The best Blu-ray & 4K reissues coming in September 2019
An anniversary edition of Mean Girls an extended cuts of The Shining and Apocalypse Now are amongst the best reissues coming to Blu-ray and 4K this month..
Apocalypse Now: Final Cut – Collector's Edition
Francis Ford Coppola
Often hailed as the greatest war movie ever made, Francis Ford Coppola's legendary account of the Vietnam conflict established the director as one of the most important of his generation – and, by all accounts, nearly sent him mad in the process. The film's troubled production process has been well-documented, from Marlon Brando's famously difficult behaviour to a monsoon which destroyed thousands of dollars' worth of equipment. The editing process was no less fraught, with several scenes culled from the original theatrical release at the behest of the studio – something Coppola tried to put right in 2001 with an extended cut of the film, Apocalypse Now Redux, which added a whopping 49 minutes to the movie's runtime.
A new version, dubbed The Final Cut and premiered earlier this year at the Tribeca Film Festival on the film's 40th anniversary, splits the difference between the two versions and is described by Coppola as the 'definitive' cut of Apocalypse Now. The new version is also set to arrive on 4K this month with a new limited edition release set to land on the shelves in-store on September 16th.
One of two new additions to our exclusive Premium Collection series coming in September, The Hidden was first released in 1987 and stars Kyle MacLachlan as an FBI agent investigating a series of bizarre incidents in which previously law-abiding citizens suddenly embark on crime sprees that include robbing banks and street chases in stolen sports cars. They soon discover, however, that the perpetrators are under the influence of a body-snatching alien invader bent on killing everything it comes into contact with.
Directed by Jack Sholder (Alone in the Dark, A Nightmare on Elm Street 2), The Hidden is an enjoyably schlocky sci-fi horror in the vein of John Carpenter's They Live and the new Premium Collection edition is set to arrive in stores on September 23rd. Extras include director commentary and special effects production footage narrated by Jack Sholder, as well as the usual selection of collectable artcards and lobby-style poster.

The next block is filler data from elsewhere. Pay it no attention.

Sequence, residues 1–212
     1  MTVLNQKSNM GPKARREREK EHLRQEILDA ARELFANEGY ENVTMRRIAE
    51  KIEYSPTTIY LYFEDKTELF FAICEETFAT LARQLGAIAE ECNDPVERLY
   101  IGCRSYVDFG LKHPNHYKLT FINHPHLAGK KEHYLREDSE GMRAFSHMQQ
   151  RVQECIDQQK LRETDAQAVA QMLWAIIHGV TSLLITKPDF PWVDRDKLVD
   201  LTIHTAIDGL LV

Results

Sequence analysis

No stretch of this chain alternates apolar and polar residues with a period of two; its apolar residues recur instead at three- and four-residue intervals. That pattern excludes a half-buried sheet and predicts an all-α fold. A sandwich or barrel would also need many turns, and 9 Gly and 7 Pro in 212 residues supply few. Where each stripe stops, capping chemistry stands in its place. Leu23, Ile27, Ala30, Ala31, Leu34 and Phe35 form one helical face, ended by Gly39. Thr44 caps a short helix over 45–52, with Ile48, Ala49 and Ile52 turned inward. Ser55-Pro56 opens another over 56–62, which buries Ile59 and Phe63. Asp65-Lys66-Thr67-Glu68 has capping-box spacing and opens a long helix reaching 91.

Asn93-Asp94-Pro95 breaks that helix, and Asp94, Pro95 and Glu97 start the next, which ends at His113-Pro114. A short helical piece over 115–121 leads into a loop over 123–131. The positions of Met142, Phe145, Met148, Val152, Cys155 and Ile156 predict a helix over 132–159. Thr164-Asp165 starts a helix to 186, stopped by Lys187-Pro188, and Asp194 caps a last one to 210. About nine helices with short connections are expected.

Mean Girls 15th Anniversary “Burn Book” Edition
Mark S. Waters
Mark S. Waters and Tina Fey's hit teen comedy Mean Girls celebrated its 15th birthday in April this year with a string of screenings and other events - including one in London which saw a Marleybone leisure centre transformed into North Shore High School, giving fans the opportunity to step into the world of Jocks, Freshmen and Plastics – but this month sees a special anniversary “Burn Book” edition of the film headed into stores.
Taking its name from Regina George's fabled book of secrets, the new anniversary edition arrives in stores on September 30th (not October 3rd, sadly) and includes both DVD and Blu-ray versions of the film, as well as a host of extras including a complete script, production notes and six character artcards, plus a range of special features such as audio commentary, behind-the-scenes featurettes and blooper reel, all housed in a Burn Book collector's box that is just “so fetch”.
The Shining: Extended Cut
It took more than 35 years for Stephen King to write a sequel to his seminal 1977 novel The Shining, later adapted into Stanley Kubrick's iconic film of the same name, but the author finally delivered its follow-up Doctor Sleep in 2013, basing the story around Danny Torrance, now in his 40s and working in a hospital. A film adaptation of the sequel starring Ewan McGregor set to arrive in cinemas in November this year, but before that there's also an extended cut of Kubrick's 1980 film coming to 4K for the first time.
To clarify exactly what the 'Extended Cut' contains, a little historical context is needed. Just three weeks after the film was first released in 1980, Kubrick and Warner Bros. ordered that projectionists should cut approximately two minutes from the film's ending and send the footage back to the studio, reducing its original 146 minute runtime to 144. Those missing two minutes have been the subject of much speculation over the years, and when Warners first announced the new 4K edition it listed the runtime on its website as 146 mins, leading some Kubrick fans to get very excited. Unfortunately, this appears to have been a simple error on their part (it has since been amended to 144), and in all likelihood any surviving copies of that missing footage have probably long since been destroyed at the director's behest.